When advising advisors and teams, a crucial initial step is the evaluation of your true worth or value. Frequently, we tend to underestimate our own value—a challenge rooted in our innate subjectivity towards self-assessment. This is a pivotal factor in what we try to profess with most any advisor – understand the value of your practice. Our expertise lies in aiding advisors through this critical analysis.
The decision to stay with a firm or to move on is monumental. We’ve walked the same path in wealth management and grappled with this very question. Typically, it arises when management exerts such pressure that running our practices according to our vision becomes untenable.
So, what constitutes an effective evaluation process? A fundamental query emerges: What do you gain from the revenue share the firm takes? If the firm claims 70-50%, what justifies this? Do you genuinely believe the firm provides resources that you couldn’t acquire independently? The standard responses often revolve around branding (which loses potency in an era of widespread, ubiquitous platforms), leads, referrals for practice growth, and what else, precisely? Major wirehouses command significant percentages—Goldman Sachs, for instance, offers a 20% payout with 10% in GS stock—yet the rationale behind this remains unclear.
A significant stumbling block for advisors lies in succumbing to behavioral finance, a subject we study extensively for our CFP and CIMA exams. People tend to resist change, fearing the disruption of the status quo. Anchoring points cloud our perspectives, and we’re prone to cognitive dissonance and confirmation bias, affirming our existing beliefs rather than taking an objective view, as we would when selecting investments for clients.
The status quo bias can be as simple as a fear of change, a reluctance to complicate one’s life further. Irrational biases manifest in beliefs that a transition is too daunting due to the size of a book, one’s age, being part of a sizable team, or the perception that the landscape remains unchanged across firms. In reality, large teams frequently relocate for improved deals and cultural alignment, swiftly taking the lion’s share of their business with them. Many firms offer appealing transition packages for senior advisors—a point worth exploring. Loyalty, though a natural human inclination, prompts the question: loyalty for what?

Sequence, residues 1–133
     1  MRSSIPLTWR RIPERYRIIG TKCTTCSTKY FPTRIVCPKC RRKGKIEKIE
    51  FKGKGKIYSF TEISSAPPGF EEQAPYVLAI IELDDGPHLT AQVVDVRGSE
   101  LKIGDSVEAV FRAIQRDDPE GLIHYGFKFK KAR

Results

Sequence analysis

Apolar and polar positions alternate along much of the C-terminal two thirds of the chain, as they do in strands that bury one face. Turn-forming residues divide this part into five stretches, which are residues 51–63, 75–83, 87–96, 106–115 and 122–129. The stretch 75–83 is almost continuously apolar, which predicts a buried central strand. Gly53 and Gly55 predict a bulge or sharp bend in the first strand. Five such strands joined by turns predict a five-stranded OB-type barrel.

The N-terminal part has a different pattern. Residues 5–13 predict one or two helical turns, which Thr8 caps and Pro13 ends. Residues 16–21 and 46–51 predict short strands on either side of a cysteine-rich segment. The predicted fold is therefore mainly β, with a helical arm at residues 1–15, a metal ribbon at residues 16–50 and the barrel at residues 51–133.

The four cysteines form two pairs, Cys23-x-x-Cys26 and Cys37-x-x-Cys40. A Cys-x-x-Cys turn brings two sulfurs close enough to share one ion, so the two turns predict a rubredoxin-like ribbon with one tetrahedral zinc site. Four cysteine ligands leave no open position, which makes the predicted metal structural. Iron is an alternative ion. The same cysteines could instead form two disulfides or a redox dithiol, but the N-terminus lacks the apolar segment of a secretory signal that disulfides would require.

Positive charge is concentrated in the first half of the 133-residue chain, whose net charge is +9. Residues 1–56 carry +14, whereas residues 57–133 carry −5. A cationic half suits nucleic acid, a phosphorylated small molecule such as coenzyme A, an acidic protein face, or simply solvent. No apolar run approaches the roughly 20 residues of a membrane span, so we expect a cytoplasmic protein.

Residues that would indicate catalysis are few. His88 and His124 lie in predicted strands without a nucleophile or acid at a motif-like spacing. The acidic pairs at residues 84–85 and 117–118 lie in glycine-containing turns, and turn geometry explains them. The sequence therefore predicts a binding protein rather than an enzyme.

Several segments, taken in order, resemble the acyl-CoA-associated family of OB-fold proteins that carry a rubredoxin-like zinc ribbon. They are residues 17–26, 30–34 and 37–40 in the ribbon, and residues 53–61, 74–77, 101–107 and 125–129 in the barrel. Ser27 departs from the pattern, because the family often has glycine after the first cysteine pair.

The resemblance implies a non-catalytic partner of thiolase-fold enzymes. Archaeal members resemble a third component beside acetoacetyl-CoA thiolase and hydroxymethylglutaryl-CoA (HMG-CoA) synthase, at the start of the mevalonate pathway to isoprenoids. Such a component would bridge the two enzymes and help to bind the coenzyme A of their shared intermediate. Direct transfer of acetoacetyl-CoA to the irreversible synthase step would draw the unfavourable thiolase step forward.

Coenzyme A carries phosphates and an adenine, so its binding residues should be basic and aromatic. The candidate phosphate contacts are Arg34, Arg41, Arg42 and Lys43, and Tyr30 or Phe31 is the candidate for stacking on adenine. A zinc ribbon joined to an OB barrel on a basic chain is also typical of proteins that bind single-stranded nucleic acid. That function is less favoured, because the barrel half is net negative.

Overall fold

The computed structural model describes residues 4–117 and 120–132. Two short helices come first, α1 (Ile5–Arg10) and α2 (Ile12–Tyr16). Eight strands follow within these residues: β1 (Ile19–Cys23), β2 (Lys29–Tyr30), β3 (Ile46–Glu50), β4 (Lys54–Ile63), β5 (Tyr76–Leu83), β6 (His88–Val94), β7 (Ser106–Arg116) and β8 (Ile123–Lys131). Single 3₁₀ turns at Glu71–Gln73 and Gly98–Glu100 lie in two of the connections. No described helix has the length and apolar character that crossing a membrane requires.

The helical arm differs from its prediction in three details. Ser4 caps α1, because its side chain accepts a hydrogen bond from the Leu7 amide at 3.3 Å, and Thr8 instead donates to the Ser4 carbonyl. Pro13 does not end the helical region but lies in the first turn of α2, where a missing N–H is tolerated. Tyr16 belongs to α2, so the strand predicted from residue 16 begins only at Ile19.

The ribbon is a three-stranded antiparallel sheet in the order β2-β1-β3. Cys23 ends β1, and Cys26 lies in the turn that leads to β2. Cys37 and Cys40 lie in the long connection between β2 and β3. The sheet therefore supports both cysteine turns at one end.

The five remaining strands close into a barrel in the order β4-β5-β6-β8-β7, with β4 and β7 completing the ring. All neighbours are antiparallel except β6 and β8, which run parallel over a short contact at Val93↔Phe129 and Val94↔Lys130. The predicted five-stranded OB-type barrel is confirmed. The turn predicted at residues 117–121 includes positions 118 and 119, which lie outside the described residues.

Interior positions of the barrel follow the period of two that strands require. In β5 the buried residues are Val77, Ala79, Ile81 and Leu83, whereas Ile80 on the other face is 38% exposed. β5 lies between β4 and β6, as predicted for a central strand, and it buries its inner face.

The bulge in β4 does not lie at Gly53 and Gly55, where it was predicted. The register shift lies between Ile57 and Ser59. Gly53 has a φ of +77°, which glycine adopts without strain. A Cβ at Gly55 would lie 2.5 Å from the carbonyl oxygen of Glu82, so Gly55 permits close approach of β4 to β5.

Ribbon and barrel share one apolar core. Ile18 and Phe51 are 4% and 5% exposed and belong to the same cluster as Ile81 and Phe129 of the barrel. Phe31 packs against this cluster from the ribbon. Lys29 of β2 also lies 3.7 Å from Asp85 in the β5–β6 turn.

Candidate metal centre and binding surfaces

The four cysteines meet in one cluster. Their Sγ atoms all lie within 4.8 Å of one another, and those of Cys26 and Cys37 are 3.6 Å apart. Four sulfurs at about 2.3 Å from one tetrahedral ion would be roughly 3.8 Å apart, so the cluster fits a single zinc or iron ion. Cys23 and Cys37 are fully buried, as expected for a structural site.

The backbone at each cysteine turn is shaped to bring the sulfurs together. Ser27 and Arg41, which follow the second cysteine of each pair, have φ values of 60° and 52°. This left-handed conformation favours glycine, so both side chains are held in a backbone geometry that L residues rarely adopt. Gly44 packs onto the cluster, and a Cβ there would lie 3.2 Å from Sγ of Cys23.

A valid concern is the financial commitments tied to a note or obligation. Some firms bind advisors to 9- to 11-year terms to spread out capital expenses, which primarily serves the firm’s interests, not necessarily the advisor’s. In transition, numerous firms are now willing to settle note balances on behalf of advisors, alleviating potential obstacles. Understanding where you stand with any note balances is crucial, but there are avenues to navigate this if a move is desired.
Advisors who have embarked on this transition report it to be the most rewarding decision they’ve made. Occasionally, a degree of discomfort or complexity is a necessary step towards achieving ultimate goals. This is why working with advisor consultants substantially eases the burden of finding the best fit and economic packages. Ultimately, the imperative is to recognize your worth as an advisor, just as you would comprehensively understand your client for making optimal investment decisions (KYC). This is the essence of “Know Your Worth” (KYW) as an advisor for your career.